She explains: “Take highlights for example. That’s a big thing for me and I need all the information to be there. This EOS 5DS R can retain so much detail, plus I can use it commercially for clients who want to use the images large, on posters for example. When I’m on those kinds of jobs I would usually be shooting tethered and I would hire a camera for that. So it felt so nice to have my own 5DS R and plug it in rather than use an alien camera that I’m not used to using every day. It felt like an easy transition to make and I loved looking at the images at such a big scale and being able to study the detail. Plus the 5DS R is just so fast compared to the medium format cameras I’ve used in the past. I remember when I first started working with bigger format digital systems, for example; it would take about ten seconds for the image to load but with the 5DS R it is there in a blink. It’s definitely alleviated that frustration of waiting.”

© Laura Pannack

A tender moment captured by Pannack for the Save the Children charity.

Laura is also a big fan of the latest Canon EF L-series lenses. “I think the quality has greatly improved with the ones I’ve been using. I would never normally go as wide as a 35mm but the quality of that new EF35mm f/1.4L II USM and the EF24-70mm f/2.8L II USM is so noticeable!”

“I think commercial clients are always quite surprised with me shooting campaign work on the camera and often ask if it will be OK file wise and so on. It’s nice to surprise them with the results.”

“When it comes to lighting I always use natural light where possible,” she continues. “I use lighting on location as and when I need to and, of course, in the studio. But the relationship I have with my subject is key, so any distractions such as lighting or other people on set I tend to keep to a minimum and work very low key.”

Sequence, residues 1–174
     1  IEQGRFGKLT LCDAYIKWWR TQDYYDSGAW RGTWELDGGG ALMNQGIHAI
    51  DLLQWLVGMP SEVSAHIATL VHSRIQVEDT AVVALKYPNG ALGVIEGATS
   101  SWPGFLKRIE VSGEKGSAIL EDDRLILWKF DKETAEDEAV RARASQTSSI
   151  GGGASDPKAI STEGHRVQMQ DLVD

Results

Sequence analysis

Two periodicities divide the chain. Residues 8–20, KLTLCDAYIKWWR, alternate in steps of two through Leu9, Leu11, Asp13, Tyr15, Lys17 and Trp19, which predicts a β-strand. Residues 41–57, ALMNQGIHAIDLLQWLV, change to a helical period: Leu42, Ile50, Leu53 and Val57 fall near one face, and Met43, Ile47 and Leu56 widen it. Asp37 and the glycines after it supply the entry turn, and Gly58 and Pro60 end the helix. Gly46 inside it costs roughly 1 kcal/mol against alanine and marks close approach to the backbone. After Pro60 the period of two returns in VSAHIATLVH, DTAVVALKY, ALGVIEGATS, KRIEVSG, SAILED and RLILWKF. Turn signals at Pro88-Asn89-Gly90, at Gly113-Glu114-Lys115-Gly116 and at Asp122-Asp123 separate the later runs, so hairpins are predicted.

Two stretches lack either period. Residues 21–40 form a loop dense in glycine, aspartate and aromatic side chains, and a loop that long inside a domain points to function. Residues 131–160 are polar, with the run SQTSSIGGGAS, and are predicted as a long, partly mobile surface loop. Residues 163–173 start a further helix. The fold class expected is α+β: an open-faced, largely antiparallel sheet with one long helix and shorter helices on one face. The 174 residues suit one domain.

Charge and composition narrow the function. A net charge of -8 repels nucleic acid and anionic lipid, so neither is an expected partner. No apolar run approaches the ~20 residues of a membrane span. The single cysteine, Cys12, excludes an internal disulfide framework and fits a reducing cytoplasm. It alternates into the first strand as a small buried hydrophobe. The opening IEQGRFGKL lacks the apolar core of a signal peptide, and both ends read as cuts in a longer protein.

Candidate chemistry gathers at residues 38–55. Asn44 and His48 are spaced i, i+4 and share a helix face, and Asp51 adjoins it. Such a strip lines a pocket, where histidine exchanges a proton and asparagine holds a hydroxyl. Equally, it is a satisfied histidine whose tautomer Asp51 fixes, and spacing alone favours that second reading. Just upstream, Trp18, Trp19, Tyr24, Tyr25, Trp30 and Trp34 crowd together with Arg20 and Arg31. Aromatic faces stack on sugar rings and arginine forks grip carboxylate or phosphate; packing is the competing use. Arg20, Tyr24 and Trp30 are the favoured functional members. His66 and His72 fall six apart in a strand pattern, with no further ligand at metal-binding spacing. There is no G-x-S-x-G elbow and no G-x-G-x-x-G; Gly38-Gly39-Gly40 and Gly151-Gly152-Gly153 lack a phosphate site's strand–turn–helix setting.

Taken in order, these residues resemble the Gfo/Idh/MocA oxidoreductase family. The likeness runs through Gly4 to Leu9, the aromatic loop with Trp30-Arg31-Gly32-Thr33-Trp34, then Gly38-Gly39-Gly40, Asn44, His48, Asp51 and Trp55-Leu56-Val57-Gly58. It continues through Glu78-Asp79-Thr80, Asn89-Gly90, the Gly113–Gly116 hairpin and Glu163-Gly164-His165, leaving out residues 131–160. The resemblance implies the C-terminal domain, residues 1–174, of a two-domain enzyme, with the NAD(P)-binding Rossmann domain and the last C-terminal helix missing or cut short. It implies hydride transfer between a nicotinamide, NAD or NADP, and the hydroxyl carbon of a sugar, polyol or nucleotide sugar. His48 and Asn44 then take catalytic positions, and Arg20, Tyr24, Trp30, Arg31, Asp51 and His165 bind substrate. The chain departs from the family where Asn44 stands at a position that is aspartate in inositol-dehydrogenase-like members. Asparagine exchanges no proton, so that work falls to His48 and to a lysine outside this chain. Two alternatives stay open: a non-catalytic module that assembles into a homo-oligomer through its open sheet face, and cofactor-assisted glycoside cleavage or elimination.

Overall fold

Laura is determined to remain true to her art and despite her initial misgivings about the digital world, she has now fully embraced it thanks to the EOS 5DS R. The file size and exquisite detail offered by over 50million pixels in the camera’s CMOS sensor has brought her the quality of fine art prints from a body that is easy to use with lenses that she has already acquired from 13 years of using Canon cameras.

She concludes: “I’ve been working with my clients for so long now, they know my style of photography very well. I’m told my work is beautiful, engaging, calm and quiet. Nothing like my personality!” she jokes. “But this camera has allowed me to remain true to my values, which is so important to me. It’s really opened my eyes. In fact the difference has been supreme.”


  • 50.6 Megapixel full-frame CMOS sensor with ISO 100-6400 (Lo: 50 and H1: 12,800) sensitivity range.
  • Low-pass cancellation filter for maximum sensor resolution.
  • Dual DIGIC 6 Processors for outstanding image processing speed and camera responsiveness.
  • 5 frames per second (fps) with selectable burst speeds and silent shutter mode.
  • 61-point wide area AF with 41 cross-type sensors with iTR, AI Servo AF III and AF Configuration tool.
  • 150k pixel RGB+IR metering sensor.
  • 100% magnification Intelligent Viewfinder II with electronic overlay.
  • 1.3x, 1.6x and 1:1 ratio crop modes with masked viewfinder display.
  • Mirror Vibration Control System to reduce mirror vibration blur.
  • Fine Detail Picture Style.
  • CF + SD (UHS-I) dual memory card slots.
  • Peripheral Illumination and Chromatic Aberration Lens Correction in camera.
  • Multiple Exposure and HDR mode.
  • Customisable Quick Control screen.
  • Built-in timer functionality – bulb timer and interval shooting timer.
  • Time-lapse Movie function.
  • SuperSpeed USB 3.0 for high-speed tethering and image/movie transfer.
  • 150,000 shutter cycle life.
  • Compatible with most EOS 5D Mark III accessories (note: for the WFT-E7 new USB cables required and firmware updated).

Biographie: Laura Pannack

Laura Pannack

Laura Pannack is a London based photographer. She was educated at the University of Brighton, Central Saint Martins College of Art and LCC. Her work has been extensively exhibited and published both in the UK and internationally, including at The National Portrait Gallery, The Houses of Parliament, Somerset House, and the Royal Festival Hall in London. In 2010 Laura received first prize in the Portrait Singles category of the World Press Photo awards. She has also won and been shortlisted for several other awards including The Sony World Photography Awards, The Magenta foundation and Lucies IPA. As well as pursuing her own practice she often lectures, critiques and teaches at universities, festivals and workshops worldwide. In 2015 she judged the World Photo Press awards portraits category over three days in Amsterdam, The Netherlands.


From Pannack’s ‘Meditation in primary schools’ series. Taken on a Canon EOS 5DS R with an EF50mm f/1.2L USM lens; the exposure was 1/160sec at f/1.4, ISO 500.